Your browser is no longer supported

For the best possible experience using our website we recommend you upgrade to a newer version or another browser.

Your browser appears to have cookies disabled. For the best experience of MRW, please enable cookies in your browser

We'll assume we have your consent to use cookies, so you won't need to log in each time you visit our site.
Learn more

Welsh government to support EfW project

The Welsh Government is to support a waste recovery project, which includes an energy-from-waste (EfW) plant in Cardiff, with £4.2m a year over a 25-year period.

Prosiect Gwyrdd is a local authority partnership to treat residual waste from the councils of Caerphilly, Cardiff, Monmouthshire, Newport and the Vale of Glamorgan. Viridor was appointed preferred bidder for the project in March. The £1bn project includes the construction of Viridor’s 350,000 tonne a year incinerator at Trident Park, Cardiff. This has been underway since March 2012.

Welsh Government minister for natural resources Alun Davies said: “At a time when councils across Wales are facing an unprecedentedly difficult financial climate and working to improve services with reduced resources, this facility will help those in south-east Wales to save money, which can instead be spent on our schools, libraries and roads.”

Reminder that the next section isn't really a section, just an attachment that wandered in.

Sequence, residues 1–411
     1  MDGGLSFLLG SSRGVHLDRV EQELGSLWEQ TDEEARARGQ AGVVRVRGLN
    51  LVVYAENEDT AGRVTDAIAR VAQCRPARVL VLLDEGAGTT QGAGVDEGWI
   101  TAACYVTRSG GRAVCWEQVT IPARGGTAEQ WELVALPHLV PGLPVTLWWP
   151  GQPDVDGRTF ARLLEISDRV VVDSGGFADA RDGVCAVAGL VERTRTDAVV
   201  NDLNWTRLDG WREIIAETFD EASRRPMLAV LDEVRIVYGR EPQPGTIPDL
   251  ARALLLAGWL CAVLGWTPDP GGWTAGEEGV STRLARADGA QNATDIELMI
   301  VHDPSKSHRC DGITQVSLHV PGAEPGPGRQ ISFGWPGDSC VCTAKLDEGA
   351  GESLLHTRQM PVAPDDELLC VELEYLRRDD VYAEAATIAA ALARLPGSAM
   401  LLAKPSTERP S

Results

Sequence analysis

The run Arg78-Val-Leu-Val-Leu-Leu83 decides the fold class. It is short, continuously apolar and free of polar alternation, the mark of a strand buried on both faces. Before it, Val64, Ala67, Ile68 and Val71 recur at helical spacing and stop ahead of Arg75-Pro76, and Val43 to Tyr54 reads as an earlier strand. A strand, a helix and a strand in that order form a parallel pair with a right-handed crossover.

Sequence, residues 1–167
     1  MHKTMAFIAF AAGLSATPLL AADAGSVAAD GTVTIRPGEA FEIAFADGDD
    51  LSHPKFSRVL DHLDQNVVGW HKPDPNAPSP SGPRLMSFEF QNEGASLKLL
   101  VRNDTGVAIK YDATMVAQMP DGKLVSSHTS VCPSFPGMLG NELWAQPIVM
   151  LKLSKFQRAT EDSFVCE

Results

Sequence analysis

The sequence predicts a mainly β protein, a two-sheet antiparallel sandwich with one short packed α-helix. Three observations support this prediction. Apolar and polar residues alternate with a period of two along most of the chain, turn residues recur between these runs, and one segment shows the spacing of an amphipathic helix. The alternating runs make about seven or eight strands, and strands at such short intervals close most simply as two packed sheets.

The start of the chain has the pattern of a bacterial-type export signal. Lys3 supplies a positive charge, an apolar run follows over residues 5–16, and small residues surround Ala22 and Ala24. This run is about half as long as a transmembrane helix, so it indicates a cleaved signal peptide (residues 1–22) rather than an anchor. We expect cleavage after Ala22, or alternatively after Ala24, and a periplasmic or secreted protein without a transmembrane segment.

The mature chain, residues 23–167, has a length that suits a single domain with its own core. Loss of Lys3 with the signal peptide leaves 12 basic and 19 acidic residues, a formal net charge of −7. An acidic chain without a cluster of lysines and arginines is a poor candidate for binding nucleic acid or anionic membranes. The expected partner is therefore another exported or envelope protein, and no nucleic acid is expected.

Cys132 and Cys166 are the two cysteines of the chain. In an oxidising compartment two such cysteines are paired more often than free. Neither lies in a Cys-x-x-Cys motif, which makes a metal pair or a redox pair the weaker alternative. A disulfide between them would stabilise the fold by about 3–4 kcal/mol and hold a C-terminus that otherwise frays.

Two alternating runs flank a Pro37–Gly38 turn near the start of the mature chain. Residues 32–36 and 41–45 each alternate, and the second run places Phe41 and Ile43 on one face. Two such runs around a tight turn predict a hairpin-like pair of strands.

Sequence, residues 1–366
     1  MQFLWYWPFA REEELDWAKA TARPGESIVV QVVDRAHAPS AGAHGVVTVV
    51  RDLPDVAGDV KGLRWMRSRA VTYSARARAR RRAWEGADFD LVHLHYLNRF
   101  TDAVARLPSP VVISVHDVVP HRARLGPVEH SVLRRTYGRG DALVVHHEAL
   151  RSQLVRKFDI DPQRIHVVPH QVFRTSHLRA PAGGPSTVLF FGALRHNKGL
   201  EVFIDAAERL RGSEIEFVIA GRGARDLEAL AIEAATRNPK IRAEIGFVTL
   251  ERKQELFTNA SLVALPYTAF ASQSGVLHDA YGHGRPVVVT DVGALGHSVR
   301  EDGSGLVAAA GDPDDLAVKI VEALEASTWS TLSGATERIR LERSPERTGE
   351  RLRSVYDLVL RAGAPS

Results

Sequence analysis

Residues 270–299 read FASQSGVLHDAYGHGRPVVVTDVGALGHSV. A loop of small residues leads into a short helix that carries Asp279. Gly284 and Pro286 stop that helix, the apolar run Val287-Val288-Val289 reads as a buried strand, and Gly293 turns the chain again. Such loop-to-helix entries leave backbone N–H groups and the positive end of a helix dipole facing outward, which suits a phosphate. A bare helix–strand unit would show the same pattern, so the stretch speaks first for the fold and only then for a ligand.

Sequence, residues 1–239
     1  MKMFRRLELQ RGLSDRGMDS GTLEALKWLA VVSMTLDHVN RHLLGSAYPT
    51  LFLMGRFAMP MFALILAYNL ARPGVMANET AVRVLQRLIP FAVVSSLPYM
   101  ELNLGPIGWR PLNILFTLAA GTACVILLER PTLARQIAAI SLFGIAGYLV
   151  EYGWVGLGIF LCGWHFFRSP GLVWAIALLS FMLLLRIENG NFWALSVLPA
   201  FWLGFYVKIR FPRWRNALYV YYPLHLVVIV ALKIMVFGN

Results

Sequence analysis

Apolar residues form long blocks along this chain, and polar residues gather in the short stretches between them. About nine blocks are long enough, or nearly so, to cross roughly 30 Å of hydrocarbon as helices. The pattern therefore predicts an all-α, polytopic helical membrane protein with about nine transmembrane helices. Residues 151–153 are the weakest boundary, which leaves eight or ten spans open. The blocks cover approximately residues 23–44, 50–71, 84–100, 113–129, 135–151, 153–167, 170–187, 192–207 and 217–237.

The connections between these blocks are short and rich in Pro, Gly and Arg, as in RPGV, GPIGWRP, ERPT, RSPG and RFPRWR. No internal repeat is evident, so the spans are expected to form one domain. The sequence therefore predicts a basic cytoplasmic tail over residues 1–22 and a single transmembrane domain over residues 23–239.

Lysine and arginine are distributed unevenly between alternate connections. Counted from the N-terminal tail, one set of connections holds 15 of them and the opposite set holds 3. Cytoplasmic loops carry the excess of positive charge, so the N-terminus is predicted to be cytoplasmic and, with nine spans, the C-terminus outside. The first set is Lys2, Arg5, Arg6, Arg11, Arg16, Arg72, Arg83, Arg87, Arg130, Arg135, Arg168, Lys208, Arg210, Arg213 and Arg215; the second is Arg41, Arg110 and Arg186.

Prosiect Gwyrdd is expected to save the partner authorities approximately £500m during the next 25 years in the form of diverting waste from landfill and reducing landfill tax expenses, the ministry said.

However, government support to EfW facilities has been questioned by the Welsh Green Party, which argued that the use of such plants would depress recycling.

Pippa Bartolotti, Wales Green Party leader, said: “What we need is more flexibility. Metal, plastic and paper are readily recyclable and there are good markets for them. Food waste is easily compostable, and provides nourishment for the land from which it originally came.”

Richard Jenkins, regional director for Viridor, agreed that materials presented for recycling should be diverted from landfill and EfW where possible but EfW remained a central component of the waste hierarchy.

“As Defra recognises, £6.8bn of UK EfW capacity is required over the next six years, of which Viridor will invest some £1.5bn,” he said.

“This investment will not only help drive the UK’s green economy but will end a ‘Jekyll and Hyde’ policy framework which supports the export of UK resources capable of powering growth in our economy and delivering energy security while we pay the price.”

Readers' comments (1)

  • From John Glover, MD, Bywaters. The Welsh Government can surely take steps to ensure that all discrete recyclables are removed before the EfW process.If the plant takes 350,000 tpa the £4.2 million per annum represents a subsidy of £12.00 per tonne on top of any other costs or income. At least the project is off the starting blocks...

    Unsuitable or offensive? Report this comment

Have your say

You must sign in to make a comment

Please remember that the submission of any material is governed by our Terms and Conditions and by submitting material you confirm your agreement to these Terms and Conditions. Links may be included in your comments but HTML is not permitted.